In my first column of 2013, I talked about how 2012 actually had a bunch of good films, which came as somewhat of a surprise. Well, either it was a fluke or we're in a bit of a renaissance, because it looks like 2013 was even better.
A whole host of great filmmakers made movies this year, including Scorsese, the Coen Brothers, Spike Jonze, and Woody Allen (though he pretty much makes one every year.) There are at least 10 movies I am looking forward to seeing, and for me that's usually a couple years' worth.
Unfortunately, it still feels like we get about nine-and-a-half months of crap filling up the theaters before the good stuff comes out. There seems to be an endless amount of superhero reboots or rehashes or whatever you want to call them in addition to Adam Sandler/Tyler Perry garbage, and that doesn't look like it's going to change anytime soon.
Even movies like THE HOBBIT and THE HUNGER GAMES now come out at the end of the year, when it feels like they should be summer films.
Perhaps the studios are allowing better movies to be made or maybe the rise of excellent cable television has spurred on filmmakers to up their games. (And by the way, how great is Breaking Bad? I know I'm a little late to this party, but I just watched the entire series over the last six months, and it was phenomenal.)
If nothing else, 2013 was a reminder that quality films are still possible and that we (or maybe I, more specifically) shouldn't give up on the greatness and, although it's become rather cliché, the magic of movies.
In addition to saying goodbye to 2013, I'm also saying goodbye to MatchFlick. After five years and a hundred-plus columns, this will be my last. I won't be talking about my favorite columns here; if you're interested, I covered a lot of that in my 100th which you can read here.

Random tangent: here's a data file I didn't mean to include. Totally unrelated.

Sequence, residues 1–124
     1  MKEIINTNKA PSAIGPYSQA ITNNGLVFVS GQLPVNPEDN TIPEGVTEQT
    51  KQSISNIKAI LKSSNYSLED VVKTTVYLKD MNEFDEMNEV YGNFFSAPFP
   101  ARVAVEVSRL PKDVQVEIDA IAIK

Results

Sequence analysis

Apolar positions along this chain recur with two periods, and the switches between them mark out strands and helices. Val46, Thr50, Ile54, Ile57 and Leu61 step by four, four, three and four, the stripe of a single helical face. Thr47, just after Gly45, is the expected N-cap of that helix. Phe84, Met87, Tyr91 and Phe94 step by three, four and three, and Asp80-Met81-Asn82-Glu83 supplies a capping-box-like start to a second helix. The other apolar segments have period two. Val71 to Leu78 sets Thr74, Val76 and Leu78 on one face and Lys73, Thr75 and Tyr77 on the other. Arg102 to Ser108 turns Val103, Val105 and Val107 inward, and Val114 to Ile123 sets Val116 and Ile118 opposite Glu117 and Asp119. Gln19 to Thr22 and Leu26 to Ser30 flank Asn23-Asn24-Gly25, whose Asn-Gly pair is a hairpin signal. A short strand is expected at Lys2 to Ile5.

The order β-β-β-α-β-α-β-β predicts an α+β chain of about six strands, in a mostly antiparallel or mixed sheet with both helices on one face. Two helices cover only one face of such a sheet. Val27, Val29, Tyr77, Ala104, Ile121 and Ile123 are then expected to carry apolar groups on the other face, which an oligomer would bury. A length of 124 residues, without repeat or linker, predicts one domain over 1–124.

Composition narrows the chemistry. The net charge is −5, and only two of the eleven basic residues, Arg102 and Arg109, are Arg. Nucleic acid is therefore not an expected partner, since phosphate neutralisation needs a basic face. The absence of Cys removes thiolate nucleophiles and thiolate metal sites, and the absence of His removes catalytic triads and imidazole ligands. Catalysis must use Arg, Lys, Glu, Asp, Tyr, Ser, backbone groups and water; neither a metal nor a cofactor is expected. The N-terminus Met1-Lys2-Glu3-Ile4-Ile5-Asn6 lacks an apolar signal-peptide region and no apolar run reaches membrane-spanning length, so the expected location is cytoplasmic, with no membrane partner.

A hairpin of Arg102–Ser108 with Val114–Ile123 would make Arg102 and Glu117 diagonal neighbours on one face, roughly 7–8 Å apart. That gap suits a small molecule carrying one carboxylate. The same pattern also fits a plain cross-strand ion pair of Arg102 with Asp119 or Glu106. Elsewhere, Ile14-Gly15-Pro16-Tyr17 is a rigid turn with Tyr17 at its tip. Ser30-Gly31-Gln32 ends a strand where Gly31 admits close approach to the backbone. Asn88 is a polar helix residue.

As I said in that column, when I first got this gig I was excited, but that excitement quickly turned to apprehension as I now had to come up with stuff to write about. I told myself that I'd be content with getting to 25 columns. Well, 25 came and went and I was still writing.
Over the last year or so, things have changed for me. I moved and got a full-time job and as a result, I feel like I haven't been able to give these columns the attention they deserve. And it's not writing them; I just don't have the time or energy to think about topics or ideas as much as I used to. I don't believe the well has completely run dry, but I do think it's time to move on.
I had a blast writing for MatchFlick. It's rare that a writer is given as much freedom and leeway to write about whatever they want. And truthfully, if you're passionate about movies, writing two columns a month on the topic of your choice is really not that difficult (hint, hint). But, for the time being, the columns are yours, Jon.
If you've read any of my columns, I hope you were amused or learned something or were inspired to see (or not see) a movie or perhaps gained some new insight. Most of all, just like a good movie, I hope you were entertained.
Thanks for reading.
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Dec 31, 2013 9:51 PM
|You will be missed Tim. Your columns were the most clever, most insightful, and most researched columns of any I've read here. Your theme columns put together the most eclectic, but cohesive lists, and I really enjoyed your themes.|
Hope you don't stop writing - we all need good reading material.
Jan 24, 2014 10:34 AM
|I enjoyed your columns and if at all possible keep writing. I never thought I'd be approaching my fourth year of movie columns but February is the anniversary. You're right the garbage will always be with us; that makes the good movies even better.|
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Every other Tuesday
Thoughts, observations, conjectures, complaints about movies and mostly how they relate to me personally. If you're looking for something a little broader, try Ebert.
Born to write (literally – much to the displeasure of his mother, he emerged with a pencil clutched in one tiny fist), Tim spends most of his days crafting epic monosyllabic poems, new comical titles to his favorite Beatles' songs (Hey, Dude), and angry letters to local businesses that have wronged him in some way. He's really an okay guy once you get to know him.|
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